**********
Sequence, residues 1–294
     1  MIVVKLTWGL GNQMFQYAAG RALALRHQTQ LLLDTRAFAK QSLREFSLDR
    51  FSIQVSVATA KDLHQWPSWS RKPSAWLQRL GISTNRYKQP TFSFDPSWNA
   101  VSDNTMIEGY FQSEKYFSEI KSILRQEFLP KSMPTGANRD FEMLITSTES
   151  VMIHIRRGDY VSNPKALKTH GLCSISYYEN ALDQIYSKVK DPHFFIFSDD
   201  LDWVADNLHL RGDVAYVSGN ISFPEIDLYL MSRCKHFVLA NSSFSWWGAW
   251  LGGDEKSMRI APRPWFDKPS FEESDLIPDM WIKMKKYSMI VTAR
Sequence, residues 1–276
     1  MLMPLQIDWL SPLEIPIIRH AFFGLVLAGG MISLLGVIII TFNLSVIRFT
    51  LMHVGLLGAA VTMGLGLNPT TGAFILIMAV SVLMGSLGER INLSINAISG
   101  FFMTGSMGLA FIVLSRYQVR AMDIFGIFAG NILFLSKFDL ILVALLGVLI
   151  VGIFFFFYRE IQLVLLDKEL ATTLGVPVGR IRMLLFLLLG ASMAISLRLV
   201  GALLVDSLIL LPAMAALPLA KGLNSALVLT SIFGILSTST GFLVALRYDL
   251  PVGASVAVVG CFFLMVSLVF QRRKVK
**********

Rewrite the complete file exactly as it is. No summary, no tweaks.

Sequence, residues 1–294
     1  MIVVKLTWGL GNQMFQYAAG RALALRHQTQ LLLDTRAFAK QSLREFSLDR
    51  FSIQVSVATA KDLHQWPSWS RKPSAWLQRL GISTNRYKQP TFSFDPSWNA
   101  VSDNTMIEGY FQSEKYFSEI KSILRQEFLP KSMPTGANRD FEMLITSTES
   151  VMIHIRRGDY VSNPKALKTH GLCSISYYEN ALDQIYSKVK DPHFFIFSDD
   201  LDWVADNLHL RGDVAYVSGN ISFPEIDLYL MSRCKHFVLA NSSFSWWGAW
   251  LGGDEKSMRI APRPWFDKPS FEESDLIPDM WIKMKKYSMI VTAR
Sequence, residues 1–276
     1  MLMPLQIDWL SPLEIPIIRH AFFGLVLAGG MISLLGVIII TFNLSVIRFT
    51  LMHVGLLGAA VTMGLGLNPT TGAFILIMAV SVLMGSLGER INLSINAISG
   101  FFMTGSMGLA FIVLSRYQVR AMDIFGIFAG NILFLSKFDL ILVALLGVLI
   151  VGIFFFFYRE IQLVLLDKEL ATTLGVPVGR IRMLLFLLLG ASMAISLRLV
   201  GALLVDSLIL LPAMAALPLA KGLNSALVLT SIFGILSTST GFLVALRYDL
   251  PVGASVAVVG CFFLMVSLVF QRRKVK